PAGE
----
Fans and critics of Kanye West are reacting to the rapper's recent comments about political figures and slavery. West has tweeted about his support for President Trump and right-wing figures, and has said slavery was a "choice."

In a piece in the Atlantic Monthly, writer Ta-Nehisi Coates argues that West wants a "white freedom," and is distancing himself from blackness. West argues that he's a "free thinker."

We talk to local musicians, music writers, and music lovers about West's comments, the criticism, and whether West has lost touch with his roots. In studio:

Do professional musicians want us to stop using Spotify and other streaming services? A fresh analysis of what artists gets paid paints a rather bleak picture. We'll talk to local artists who are trying to break through. Our guests:

Mary Gauthier is a country musician who recently said that she wasn't sober until she was 27, and couldn't write until she was 30. Twenty-five years later, she's an unlikely voice for veterans. Gauthier's newest album includes songs co-written with veterans. The songs explore a range of subjects, including the service of women in uniform, and the pain of loss.

Gauthier will perform in Rochester Tuesday night, but first she's our guest on Connections.

The Rochester Music Hall of Fame is inducting its 2018 class. We talk to three of the inductees — some of the greatest musicians of all time. They discuss their process, their time working with fellow greats in music, and what it means to them to be in the Rochester Music Hall of Fame.

In studio:

  • Steve Gadd, drummer of choice of Paul Simon, James Taylor, and Eric Clapton
  • Tony Levin, bassist for Peter Gabriel and King Crimson
  • John Beck, professor emeritus at the Eastman School of Music
  • Tracy Kroft, vice president-elect of the Rochester Music Hall of Fame

The RPO's 96th season will include music from the classic repertoire, as well as programming aimed at the family. We sit down with music director Ward Stare and Curt Long, the new CEO.

Our conversation includes the criticism that some orchestras have received for not featuring enough music by women and people of color -- something the RPO says it is addressing this season. Our guests:

Webster native Kate Lee won a Grammy award in 2017 as part of the O'Connor Band, which won for Best Bluegrass Album. Lee has become a standout lead vocalist and violinist, and she plays alongside her husband Forrest O'Connor.

They're in Rochester this week, giving lessons to Webster students, and playing a concert on Friday night at the Eastman theater. But first, they're our guests on Connections.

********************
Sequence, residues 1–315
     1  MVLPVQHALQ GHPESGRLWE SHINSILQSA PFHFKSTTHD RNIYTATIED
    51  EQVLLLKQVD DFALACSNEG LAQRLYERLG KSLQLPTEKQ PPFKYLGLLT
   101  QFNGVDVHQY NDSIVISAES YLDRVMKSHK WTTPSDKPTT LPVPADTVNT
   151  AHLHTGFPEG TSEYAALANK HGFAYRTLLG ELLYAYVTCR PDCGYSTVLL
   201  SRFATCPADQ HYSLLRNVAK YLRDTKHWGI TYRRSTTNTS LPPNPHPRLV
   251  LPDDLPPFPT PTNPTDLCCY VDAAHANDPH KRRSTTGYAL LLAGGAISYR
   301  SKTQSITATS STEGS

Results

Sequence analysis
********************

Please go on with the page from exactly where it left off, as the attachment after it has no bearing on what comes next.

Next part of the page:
You can find videos of the O'Connor Band here

Whatever happened to Obama-era pop music? According to the New Yorker, it's already dated, even embarrassing. Matthew Trammell argues that music reflects the cultural and political mood, and already pop music has moved on from the buoyant, fizzy hits like Katy Perry's "Firework." Is that fair?

Our guests discuss the ways music does, and does not, capture the current mood. In studio:

An upcoming multimedia performance at The Little Theatre will tackle a number of social themes. Danielle Ponder is the lead singer of Danielle Ponder and the Tomorrow People, and on December 1, she and her band will introduce audience members to places and experiences that have inspired Ponder in her work as a storyteller, and also as a public defender. The performance, called "For the Love of Justice," will explore issues related to feminism, criminal justice, personal liberation, and racial justice, all under the theme of love.

We preview the concert and discuss the experiences that inspired it. In studio:

  • Danielle Ponder, criminal defense attorney and lead singer of Danielle Ponder and the Tomorrow People
  • Doug Ackley, executive director of Teen Empowerment
  • Marcus Cooper, cyclist who works in sales at Park Ave Bike Shop, and an emcee

In modern media, success usually means following up with the same thing that brought success. Music, television -- think about why the characters on Friends only became caricatures of themselves. But 25 years ago, a band went against the popular grain.

R.E.M. had found massive commercial success with their 1991 hits like "Stand" and "Shiny Happy People." Suddenly, just as popular as Madonna, the band had a chance to fire off more and similar hits. But their 1992 album, Automatic for the People, is one of the darker pop albums of the era. Songs about suicide prevention and tragedy were not exactly what the producers were hoping for, but the band stayed with their vision. Is there a lesson there? We examine with our guests:

What would it sound like if a number of local musicians all wrote their own versions of a song with the same title? Music fans will be able to hear more than 20 original takes on the title "How Did We Get Here" during a special concert next week at Hochstein Performance Hall. It's part of an event appropriately titled, "If All Rochester Wrote the Same Song."

We preview some of those versions and talk about the song writing process with our guests. In studio: